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Dshell
06-30-2012, 04:22 PM
Can any one tell me where to find a list of paper work I will need for my airworthiness inspection. D Shell

FlyingRon
06-30-2012, 04:26 PM
http://members.eaa.org/home/govt/issues/inspection_guide_airplane.asp

Mike Switzer
06-30-2012, 04:51 PM
First time I have seen that particular web page.


"The engine should have been run for at least 1 hour. The run should have included operating in a nose high above stall attitude to ensure full fuel flow, and a full power run to verify and ensure maximum designed RPM is attained"

How exactly do they propose you do this with an aircraft that has the prop in the rear? If I have the nose above stall attitude on mine the prop will be hitting the ground.

steveinindy
06-30-2012, 05:07 PM
A ramp perhaps to get it into that attitude? That would be my technique if I were building a pusher configuration. Even with a tractor configuration, it could be difficult to get it into the position of a power-on stall for many aircraft. Lucky for you, your aircraft is pretty light isn't it?

Mike Switzer
06-30-2012, 05:25 PM
your aircraft is pretty light isn't it?

Preliminary numbers are just under 1100lb empty, but that is a SWAG.

Mike Switzer
06-30-2012, 06:35 PM
steve your mailbox is full

steveinindy
06-30-2012, 06:43 PM
steve your mailbox is full

Fixed...sorry about that.

WLIU
06-30-2012, 07:11 PM
I think that there is an alternative to running the engine with the airplane jacked up. If you can put the airplane into the specified attitude, with the fuel qty just above the minimum usable, disconnect the fuel line from the carburetor or fuel control, put the fuel line into a bucket, and demonstrate that the flow into the bucket exceeds the max flow specified for the engine, that should be an acceptable test. Yes?

Best of luck,

Wes
N78PS

Dshell
07-01-2012, 06:07 AM
Thanks, that was exactly what I was looking for, Dave

Dave Prizio
08-16-2012, 04:27 PM
The fuel flow test needs to be performed with the airplane nose up, level and nose down. I would strongly suggest not running the airplane while placed nose up or nose down on the ground. It is hazardous enough just getting the plane into those positions without running it.

Wilfred
08-17-2012, 02:16 PM
I built an RV6A and had the FAA do the airworthiness inspection. No engine run was ever made or required.
I built an RV-12 and had a DAR to the inspection; again, no engine run ever made or required.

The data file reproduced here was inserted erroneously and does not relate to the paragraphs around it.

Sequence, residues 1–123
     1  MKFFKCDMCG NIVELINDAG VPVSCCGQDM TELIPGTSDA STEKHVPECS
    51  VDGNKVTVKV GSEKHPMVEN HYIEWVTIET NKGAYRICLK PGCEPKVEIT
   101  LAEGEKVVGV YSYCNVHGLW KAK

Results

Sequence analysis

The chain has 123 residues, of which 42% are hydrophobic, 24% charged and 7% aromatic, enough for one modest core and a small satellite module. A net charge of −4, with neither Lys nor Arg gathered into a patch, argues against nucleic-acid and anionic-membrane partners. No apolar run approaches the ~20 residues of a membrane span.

I have about 6 friends who built experimental aircraft and none of them were asked or required to do an engine run.

Some DARs might ask for this, but I wonder if anyone can show the regulatory citation that requires it.

WLIU
08-23-2012, 07:52 AM
Ask and you shall recieve....

For certificated airplanes. 14 CFR 23.955 states what fuel flow must be demonstrated. As noted previously, you do not have to run the engine to satisfy this requirement, you just have to demonstrate adequate fuel flow in the most critical attitude. The FAR specifically says that you can use a mock-up, so any guidance that suggests a real engine run is required is going beyond what is required for certificated airplanes. For single engine tractor engine installations, the critical attitude is nose up. For single engine pusher installations, the most critical attitude is nose down.

While 23.955 arguably does not directly apply to an experimental amateur built aircraft, especially a kit built aircraft where the manufacturer has already investigated this, the test does not need to take a long time and can be very educational. For a typical tractor engine airplane, pick up the front of the airplane using an engine hoist and a sling around some of the engine mount tubes to get the right attitude, disconnect the fuel line from the fuel control or carburetor, and measure how much fuel flows into a bucket in 60 secs. The amount of fuel in the bucket must calculate out to a minimum of 150% of the sea level full throttle fuel consumption of your engine. Done.

Best of luck,

Wes
N78PS